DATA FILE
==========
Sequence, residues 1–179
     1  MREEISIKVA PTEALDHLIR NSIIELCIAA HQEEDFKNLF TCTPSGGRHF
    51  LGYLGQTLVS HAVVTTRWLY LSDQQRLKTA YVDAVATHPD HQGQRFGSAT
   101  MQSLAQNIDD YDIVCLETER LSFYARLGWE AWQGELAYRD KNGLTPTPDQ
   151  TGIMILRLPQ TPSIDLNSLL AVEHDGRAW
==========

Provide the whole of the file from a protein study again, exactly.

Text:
Sequence, residues 1–179
     1  MREEISIKVA PTEALDHLIR NSIIELCIAA HQEEDFKNLF TCTPSGGRHF
    51  LGYLGQTLVS HAVVTTRWLY LSDQQRLKTA YVDAVATHPD HQGQRFGSAT
   101  MQSLAQNIDD YDIVCLETER LSFYARLGWE AWQGELAYRD KNGLTPTPDQ
   151  TGIMILRLPQ TPSIDLNSLL AVEHDGRAW